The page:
Adam and Eve, Noah, Rachel and Jacob
possibly Elizabeth 'Lizzie' Eleanor Siddal, Mrs Dante Gabriel Rossetti (Holborn 1829 – Chatham Place, London 1862)
Removal of wallpaper and recent major conservation work has revealed this entire wall painting. Originally only two indistinct figures were discovered behind a fitted wardrobe. It is on the wall of the bedroom that was occupied by William Morris and his wife Jane at Red House where they lived between 1860 and 1865. It is thought to be designed by Morris but executed by Elizabeth Siddal and, possibly, his other Pre-Raphaelite friends who stayed there and decorated. It shows five biblical figures from Genesis, the first book of the Old Testament. Adam and Eve are seen standing next to the tree of good and evil with the serpent of temptation below. Noah is seen holding a small ark representing that which saved his people from the flood. Jacob stands next to the ladder of his prophetic dream with the figure of Rachel, Jacob's favourite wife and Joseph's mother, standing between them.
Tempera painting on plaster, Adam and Eve, Noah, Rachel and Jacob, possibly by Elizabeth Siddal (1829 - 1862), 1861/2. A mural, painted as if it is a wall hanging showing the folds of material, of biblical figures from the Old Testament's Book of Genesis and complete with tree and serpent, ark and ladder. Lines of words from Genesis have also been uncovered through conservation: 'And Noah did according unto all that the Lord commanded him' (Genesis 7:5); 'And Rachel said, God hath judged me, and hath also heard my voice' (Genesis 30:6); 'And he dreamed, and behold a ladder set up on the earth' (Genesis 28:12). It is not known for certain the precise authorship of the figures. Whilst staying at Red House, Elizabeth Siddal recorded that she was engaged in painting a figure. But also in 1861, Ford Madox Brown designed a stained glass window with the figure of Noah cradling an ark for Jesus Church, Troutbeck, Cumbria as one of the newly-established 'Firm's (Morris, Marshall, Faulkner & Co.) earliest commissions for which this figure of Noah could be a prototype. The painting is designed to represent a tapestry, fixed at seven points along the upper part of the south wall, hanging in swags below. The body of the tapestry includes five figures, broadly painted in two groups. From the right there is Jacob with his ladder, Rebecca, and Noah holding a small arc, separated by spindly trees and standing on a green lawn, set again a blue background. Below them is a text from the King James Bible, while over each figure there is a scroll which would originally, it is presumed, have been inscribed with a name. To the left is a second group showing Adam and Eve, on either side of a tree, twisting around which there are the fragmentary remains of a red snake. Adam has his left hand raised to his face and holds an unidentified object in his left hand. Eve has both hands raised to her face. Like the other figures they stand on a grassy lawn, but below there is a red border with no text.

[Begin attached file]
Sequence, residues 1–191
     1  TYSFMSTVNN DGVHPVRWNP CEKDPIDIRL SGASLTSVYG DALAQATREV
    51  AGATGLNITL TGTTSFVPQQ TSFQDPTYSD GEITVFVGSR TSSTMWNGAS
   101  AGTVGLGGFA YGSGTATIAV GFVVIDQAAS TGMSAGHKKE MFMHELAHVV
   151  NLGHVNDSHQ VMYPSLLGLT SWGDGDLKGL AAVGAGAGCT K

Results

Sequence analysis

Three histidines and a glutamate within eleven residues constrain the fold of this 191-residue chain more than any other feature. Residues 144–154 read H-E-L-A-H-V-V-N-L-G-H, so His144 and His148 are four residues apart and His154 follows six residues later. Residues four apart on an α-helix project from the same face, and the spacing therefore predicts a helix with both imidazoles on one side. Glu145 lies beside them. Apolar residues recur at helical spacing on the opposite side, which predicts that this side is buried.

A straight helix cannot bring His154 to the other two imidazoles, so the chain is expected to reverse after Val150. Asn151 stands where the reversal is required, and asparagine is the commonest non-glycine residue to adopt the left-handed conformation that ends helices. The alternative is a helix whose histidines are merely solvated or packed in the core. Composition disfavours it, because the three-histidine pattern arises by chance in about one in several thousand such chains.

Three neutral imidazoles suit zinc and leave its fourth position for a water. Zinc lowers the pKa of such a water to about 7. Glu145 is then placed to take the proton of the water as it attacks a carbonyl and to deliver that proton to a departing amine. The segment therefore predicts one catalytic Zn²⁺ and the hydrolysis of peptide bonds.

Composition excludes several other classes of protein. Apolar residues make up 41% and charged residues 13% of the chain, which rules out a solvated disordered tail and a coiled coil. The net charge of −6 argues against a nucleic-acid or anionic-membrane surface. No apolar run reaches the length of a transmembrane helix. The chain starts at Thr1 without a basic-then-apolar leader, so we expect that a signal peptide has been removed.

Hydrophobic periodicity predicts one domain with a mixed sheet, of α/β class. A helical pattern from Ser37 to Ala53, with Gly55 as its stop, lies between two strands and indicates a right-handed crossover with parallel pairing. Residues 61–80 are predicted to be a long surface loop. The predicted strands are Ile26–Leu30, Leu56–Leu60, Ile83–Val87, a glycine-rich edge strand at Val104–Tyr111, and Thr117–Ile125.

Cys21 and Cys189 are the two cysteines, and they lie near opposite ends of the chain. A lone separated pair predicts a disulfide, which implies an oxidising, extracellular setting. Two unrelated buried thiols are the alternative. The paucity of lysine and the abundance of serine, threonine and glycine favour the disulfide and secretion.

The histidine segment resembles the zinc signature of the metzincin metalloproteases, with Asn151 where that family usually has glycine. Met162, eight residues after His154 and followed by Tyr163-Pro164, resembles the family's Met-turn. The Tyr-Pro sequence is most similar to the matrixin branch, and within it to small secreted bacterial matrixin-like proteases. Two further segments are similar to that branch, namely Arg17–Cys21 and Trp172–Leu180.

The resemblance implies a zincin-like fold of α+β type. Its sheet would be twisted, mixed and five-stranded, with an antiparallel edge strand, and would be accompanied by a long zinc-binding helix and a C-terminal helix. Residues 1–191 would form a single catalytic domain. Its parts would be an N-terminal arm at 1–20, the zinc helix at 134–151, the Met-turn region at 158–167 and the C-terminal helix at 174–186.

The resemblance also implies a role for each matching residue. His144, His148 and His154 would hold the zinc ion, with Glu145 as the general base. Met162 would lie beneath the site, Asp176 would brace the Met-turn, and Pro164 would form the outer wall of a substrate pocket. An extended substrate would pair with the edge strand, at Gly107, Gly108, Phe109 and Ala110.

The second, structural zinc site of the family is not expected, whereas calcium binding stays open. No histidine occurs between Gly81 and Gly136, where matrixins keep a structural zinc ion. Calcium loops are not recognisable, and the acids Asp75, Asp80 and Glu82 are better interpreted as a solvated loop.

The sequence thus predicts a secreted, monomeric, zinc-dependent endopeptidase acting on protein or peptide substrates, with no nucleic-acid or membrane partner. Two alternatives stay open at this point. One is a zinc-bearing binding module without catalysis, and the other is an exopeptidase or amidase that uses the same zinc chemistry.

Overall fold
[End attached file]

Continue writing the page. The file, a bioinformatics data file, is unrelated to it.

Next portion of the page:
Red House, The Morris Collection (National Trust)
Makers and roles
possibly Elizabeth 'Lizzie' Eleanor Siddal, Mrs Dante Gabriel Rossetti (Holborn 1829 – Chatham Place, London 1862), artist